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Originally published April 12, 2014 at 6:35 PM | Page modified April 13, 2014 at 8:25 AM

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Montana prosecutor disputes federal report on sex-assault allegations

The latest blow landed when Justice Department investigators released a 20-page report saying the Missoula County prosecutor’s office had disregarded sexual assaults to the point that it was placing “women in Missoula at increased risk of harm.”

The New York Times


MISSOULA, Mont. — For three years, this college town in the hills of western Montana has lived under the shadow of stories of rapes gone unpunished and complaints that officials minimized or ignored reports of sexual assaults, especially if the suspects played for the University of Montana Grizzlies, the popular football team.

The latest blow landed over the winter when federal investigators released a 20-page report saying the county prosecutor’s office had disregarded sexual assaults to the point that it was placing “women in Missoula at increased risk of harm.”

The accusations were vivid and damning: The Justice Department described accounts of a victim who had been told, “All you want is revenge,” and said a prosecutor had told a mother that “boys will be boys” after an adolescent’s sexual assault of her 5-year-old daughter.

But rather than bringing about contrition and vows to reform, the investigation set off what legal observers call a remarkable standoff between the elected county attorney, Fred Van Valkenburg, and the Justice Department.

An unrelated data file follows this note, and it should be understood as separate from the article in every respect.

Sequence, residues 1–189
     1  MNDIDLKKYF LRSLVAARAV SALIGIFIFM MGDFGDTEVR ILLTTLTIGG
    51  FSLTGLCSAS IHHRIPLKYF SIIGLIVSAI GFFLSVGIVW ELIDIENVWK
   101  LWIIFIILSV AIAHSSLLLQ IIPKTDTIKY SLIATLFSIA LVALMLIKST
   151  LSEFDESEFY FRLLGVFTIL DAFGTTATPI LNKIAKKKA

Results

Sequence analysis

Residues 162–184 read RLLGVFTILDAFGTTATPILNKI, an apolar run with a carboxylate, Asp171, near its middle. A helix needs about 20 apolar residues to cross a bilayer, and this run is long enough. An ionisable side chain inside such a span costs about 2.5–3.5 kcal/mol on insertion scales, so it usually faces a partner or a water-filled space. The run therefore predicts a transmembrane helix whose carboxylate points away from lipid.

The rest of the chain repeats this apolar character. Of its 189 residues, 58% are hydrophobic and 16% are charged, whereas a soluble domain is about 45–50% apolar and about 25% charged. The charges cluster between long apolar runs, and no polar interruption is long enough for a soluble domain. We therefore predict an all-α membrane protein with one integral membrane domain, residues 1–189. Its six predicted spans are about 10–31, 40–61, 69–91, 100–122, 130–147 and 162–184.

Saying his office has done nothing wrong, Van Valkenburg has gone to court against top federal judicial officials, including Attorney General Eric Holder, to ask a federal judge to halt the inquiry. He argues that the Justice Department had no legal authority to swoop in and investigate his office.

It is an unlikely public battle for an elected Democrat who has held office for 15 years and twice voted for Barack Obama. Van Valkenburg said Holder was an “embarrassment” and a “bad guy” whose investigators had lied about how his office prosecutes sex crimes.

“It’s very disturbing that the Department of Justice would do this,” Van Valkenburg said. “They don’t care about individuals like me. They don’t care about a town like Missoula.”

Low prosecution rate

Federal authorities said they were simply trying to fix what they described as a litany of problems in the prosecutor’s office, including what they called an “extremely low” prosecution rate for sexual assaults. In one case, a man confessed to raping a woman who was unconscious, but prosecutors from Van Valkenburg’s office said there was insufficient evidence to file charges, the Justice Department reported.

Overall, the Justice Department found that county prosecutors had pursued charges in 14 of the 85 sexual-assault cases that the police had referred to them.

“There are inadequate investigations, failures to prosecute and in general they have undermined the safety of women in Missoula,” said Jocelyn Samuels, acting assistant attorney general of the Justice Department’s Civil Rights Division. She said federal authorities had sought to resolve their concerns but had been rebuffed and were willing to take legal action against the county attorney’s office.